In Florida the foreclosure process is known as a judicial foreclosure. This means that once the homeowner is in default and goes into “foreclosure,” the home can be sold through the courts. This typically involves an auction process.
In other states the process is known as a non-judicial foreclosure and the home can be sold without going through the courts and the legal process. California uses this type of foreclosure.
But before the actual date of the auction there are many options for the homeowner. But we’re getting a little ahead of ourselves.
A foreclosure begins when the bank files a lawsuit stipulating that the homeowner is in default of some aspect of the loan agreement. This stage is known as Lis Pendens or suit pending. The homeowner must be notified in writing that legal action is pending. If the homeowner does not respond to this notification the court can make a judgement immediately and the home can be sold at a court supervised auction.
But if the homeowner responds within the specified time period (usually 20 days) then other options can be worked out. Perhaps the lender would be open to a loan modification of some kind. Remember, the bank wants to get their money and they don’t want to go through the legal process either. They can lose a lot of money. This is where having an attorney to negotiate with the lender can be very helpful.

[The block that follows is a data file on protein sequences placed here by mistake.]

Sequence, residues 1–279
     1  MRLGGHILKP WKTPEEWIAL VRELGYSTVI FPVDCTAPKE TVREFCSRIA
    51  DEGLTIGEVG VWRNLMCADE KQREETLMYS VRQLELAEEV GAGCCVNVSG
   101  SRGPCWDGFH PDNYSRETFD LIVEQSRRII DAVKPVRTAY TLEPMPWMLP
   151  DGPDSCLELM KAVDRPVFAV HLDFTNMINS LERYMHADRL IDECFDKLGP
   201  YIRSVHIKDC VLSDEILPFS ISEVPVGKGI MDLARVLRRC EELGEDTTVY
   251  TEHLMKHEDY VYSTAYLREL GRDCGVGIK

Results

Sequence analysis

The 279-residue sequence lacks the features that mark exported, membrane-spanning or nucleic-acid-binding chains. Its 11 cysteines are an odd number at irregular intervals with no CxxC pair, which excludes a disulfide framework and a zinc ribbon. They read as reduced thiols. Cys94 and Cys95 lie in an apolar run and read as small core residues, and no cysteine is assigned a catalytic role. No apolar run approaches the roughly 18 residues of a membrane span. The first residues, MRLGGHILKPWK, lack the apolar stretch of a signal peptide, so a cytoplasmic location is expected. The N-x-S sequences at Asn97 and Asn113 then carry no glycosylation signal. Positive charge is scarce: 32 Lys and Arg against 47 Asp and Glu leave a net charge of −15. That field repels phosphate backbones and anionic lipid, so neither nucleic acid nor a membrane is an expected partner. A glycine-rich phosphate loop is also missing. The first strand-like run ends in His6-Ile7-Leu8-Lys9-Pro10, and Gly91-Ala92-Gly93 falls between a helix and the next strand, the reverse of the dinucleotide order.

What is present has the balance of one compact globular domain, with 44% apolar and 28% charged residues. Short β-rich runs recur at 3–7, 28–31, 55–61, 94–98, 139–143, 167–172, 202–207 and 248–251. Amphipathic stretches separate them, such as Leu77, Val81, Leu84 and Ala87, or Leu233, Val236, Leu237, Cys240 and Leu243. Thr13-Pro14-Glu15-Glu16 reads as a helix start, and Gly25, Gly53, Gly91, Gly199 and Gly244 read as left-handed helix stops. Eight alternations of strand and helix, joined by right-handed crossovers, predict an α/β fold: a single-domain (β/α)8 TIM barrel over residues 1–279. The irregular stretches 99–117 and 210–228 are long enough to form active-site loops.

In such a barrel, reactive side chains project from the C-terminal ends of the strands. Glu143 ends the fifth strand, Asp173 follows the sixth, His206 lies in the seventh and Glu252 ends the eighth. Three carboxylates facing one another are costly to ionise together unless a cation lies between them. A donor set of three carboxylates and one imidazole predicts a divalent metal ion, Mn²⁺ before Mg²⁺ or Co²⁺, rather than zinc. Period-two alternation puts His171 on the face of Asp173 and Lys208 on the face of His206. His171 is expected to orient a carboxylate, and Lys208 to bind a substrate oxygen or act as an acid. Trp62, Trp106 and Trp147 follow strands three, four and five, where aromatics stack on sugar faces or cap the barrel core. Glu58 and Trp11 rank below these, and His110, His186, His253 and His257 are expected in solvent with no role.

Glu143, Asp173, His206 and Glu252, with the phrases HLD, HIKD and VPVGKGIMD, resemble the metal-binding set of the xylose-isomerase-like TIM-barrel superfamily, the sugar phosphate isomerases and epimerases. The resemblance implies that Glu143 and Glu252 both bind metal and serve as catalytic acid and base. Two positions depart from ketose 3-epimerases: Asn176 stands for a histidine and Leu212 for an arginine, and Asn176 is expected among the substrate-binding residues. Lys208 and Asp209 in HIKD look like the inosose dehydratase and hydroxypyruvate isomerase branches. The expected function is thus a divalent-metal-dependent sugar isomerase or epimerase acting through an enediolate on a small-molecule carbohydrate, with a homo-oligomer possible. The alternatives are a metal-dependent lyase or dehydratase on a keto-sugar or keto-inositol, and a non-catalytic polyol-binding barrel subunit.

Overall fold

If the mortgagee does not respond, then the court will file a Notice of Foreclosure Sale. This public document will include:
- Name, address and phone number of contact person
- Address of the property
- Legal description of the property
- Description of any improvements to the property
- Time and place of sale
- Specifics of the court and case title as it relates to that judgement
Florida law states that this Notice of Sale must be published in a local newspaper at least three consecutive weeks and not less that 5 days before the day of the auction. It is the responsibility of the lender’s attorney to make sure this notice is published in the newspaper. The law reads as such…
Florida foreclosure law states that the advertisement, publication, or notice shall be placed directly by the attorney for the petitioner, by the petitioner if acting pro se, or by the clerk of the court.
The Foreclosure Auction
In Florida the auction is usually scheduled 30 days after the foreclosure judgement by the court. The actual auction takes place at the courthouse, typically at 11:00 AM. The winning bidder must pay 5% of the sale price immediately and the balance is due by the end of the day. Once payment is made in full the court issues a Certificate of Sale and provides that to the winning bidder.
The Redemption Period
Florida law states that the mortgagee has the right to settle the default anytime before the sale date. This is called redeeming the property or redemption of the property. After the Certificate of Sale has been issued the homeowner loses this right of redemption. So again, it’s possible up to the last minute to avoid losing your home. The council of a knowledgeable foreclosure attorney can help you sort through your options up to the actual sale.
During the time frame before the actual judgement of the court the mortgagee has several rights…
- The may request an order to “show cause” for the foreclosure
- May request a hearing to present affidavits or other papers to dispute or explain the default
- Has the right to be heard in court to address the lawsuit
These and other technical legal proceedings are all available to the homeowner to defend themselves against the foreclosure process. A foreclosure attorney is your ally in these proceedings and during the foreclosure defense. Contact Brown & Associates so we can defend you against your foreclosure. We want to help!